Genesius Guild presents Hippolytus

Who would have thought that a theatre production in which almost the entire cast wore masks would be so exciting? Aren’t we all a little sick of masks?

This past weekend, in all its masked glory, Genesius Guild’s Hippolytus featured gorgeous face coverings designed by Daitlyn Duffy and fitted by Bob Hanske, and these were certainly not your typical COVID-era face masks, either; they were works of art that amazingly kept mouths uncovered. When paired with Sara Wegner’s absolutely beautiful costumes, I was swept up in the story before anyone said a single word.

During the pre-show, Hippolytus director Michael Callahan spoke of how this tale from more than 2,000 years ago offers us, as a modern audience, a plot that is still relatable. And I must say, Ian Johnston’s translation of Euripides' play was super-approachable. There were lines that were so poignant and pertinent to today’s society that they made me laugh out loud and nod my head knowingly.

Hippolytus begins with Bella Kuta’s vindictive goddess of love, Aphrodite, explaining how she has grown angry with Hippolytus (Philip Tunnicliff) and his devotion to both purity and the goddess Artemis (Anna Schneider). As a result, Aphrodite has caused Hippolytus’ stepmother Phaedra (Sarah Willie) to fall in love with him. With a plot like that, it really isn’t surprising that the play is a tragedy, but it is one that isn’t afraid to inject humor when it’s needed.

For instance, watching Phaedra lament about her feelings was intensely melodramatic, but in the best way, and her nurse (Liz Sager) completely joined her there in Over-the-top-land. Poor Sager was, unfortunately for her, sporting a rather painful-looking sunburn, but somehow it only added to her charm and characterization. Since the nurse character is pained by what her mistress tells her, the sunburn was a physical embodiment of the awkward position her role puts her in. Willie and Sager were an excellent pair, and while their characters' attempts to solve their problem fail spectacularly, (and you knew what would happen next), I was so sad to see these ladies’ part of the story conclude.

The chorus members Melita Tunnicliff, Mollie Schmelzer, and Cait Bodenbeder were ever-present and given the roles of washerwomen to justify their combined presence. While these women were never distracting to the stage action, they kept busy by scrubbing out the tunics and rags they kept in their baskets as they kept a watchful eye and open ears on the action so as not to miss a beat. Even in silence, the chorus was captivating. When given the chance to speak, especially in their moments of unison, they blossomed into a force unlike any other on stage.

Jeremy Mahr’s Theseus, Hippolytus’ father, returns home to discover the tragedy that has befallen his home and, not surprisingly, reacts with anger. (Of the show's numerous masks, all of which were fantastic, Mahr’s was my favorite, as it incorporated his facial hair perfectly.) Mahr was also impressive when his powerful voice was able to be distinctly heard over a blasting train whistle. Actually, Callahan’s cast across the board should be commended. Battling ambient park noises can be difficult, but I don’t think I missed a word in Sunday night's entire 90-minute one-act.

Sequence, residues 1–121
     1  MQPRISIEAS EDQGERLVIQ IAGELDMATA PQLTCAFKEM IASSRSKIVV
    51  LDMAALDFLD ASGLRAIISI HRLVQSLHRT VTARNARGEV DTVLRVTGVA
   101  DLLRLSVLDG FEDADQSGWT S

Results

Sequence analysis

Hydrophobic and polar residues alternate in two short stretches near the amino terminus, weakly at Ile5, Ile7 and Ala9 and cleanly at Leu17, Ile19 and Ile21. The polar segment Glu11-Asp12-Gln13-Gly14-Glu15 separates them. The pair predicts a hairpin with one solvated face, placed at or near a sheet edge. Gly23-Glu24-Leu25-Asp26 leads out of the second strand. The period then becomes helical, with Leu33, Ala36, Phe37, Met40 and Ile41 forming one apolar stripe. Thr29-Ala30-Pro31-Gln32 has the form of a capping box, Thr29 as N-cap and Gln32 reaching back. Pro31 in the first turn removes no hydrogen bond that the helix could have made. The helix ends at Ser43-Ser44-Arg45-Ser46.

Theseus takes his anger out on Hippolytus and banishes him with a fatal curse, just in case one or the other doesn’t work. Poor Philip Tunnicliff: Every time Hippolytus was on stage, no one would listen to him, and it wasn’t because the performer lacked heart in his role. Sometimes, a tragedy is going to remain a tragedy no matter how much you enjoy an actor’s portrayal.

Eventually, Schneider’s Artemis – who up until almost the end hadn’t said a word on stage – decides to take her moment and explain to Theseus how wrong he was, that his son is telling the truth, and all accusations against him were false. But you know the saying “Too little, too late?” Well … that’s the case here. When the delightful Jacob Lund and Guy Cabell (Messenger and Servant) bring Hippolytus back, there’s nothing to be done except for the father and son to make their peace. Throughout the production, Callahan did an excellent job guiding his actors to create visual interest and they used the space beautifully. Plus, Wegener’s addition to Philip Tunnicliff’s costume for the final scene was effective and a great, creative solution to its staging.

As with any open-air performance in Lincoln Park, there were park-goers who were unaware a show was in progress, and toward the end of Sunday's performance, a group of teenagers walked by and one of their phones started loudly blaring “Bad Romance” by Lady Gaga. It totally stole focus, but the Greek Gods themselves couldn’t have picked a better lyric to describe this production of Hippolytus than “caught in a bad romance.” Callahan’s production was an excellent example of Greek theatre and full of nuggets of wisdom for anyone. Turns out it was the perfect capstone to my weekend. Maybe next weekend, it will be for you as well?

 

Hippolytus runs at Lincoln Park (11th Avenue & 38th Street, Rock Island IL) through July 25, and more information is available by visiting Genesius.org.

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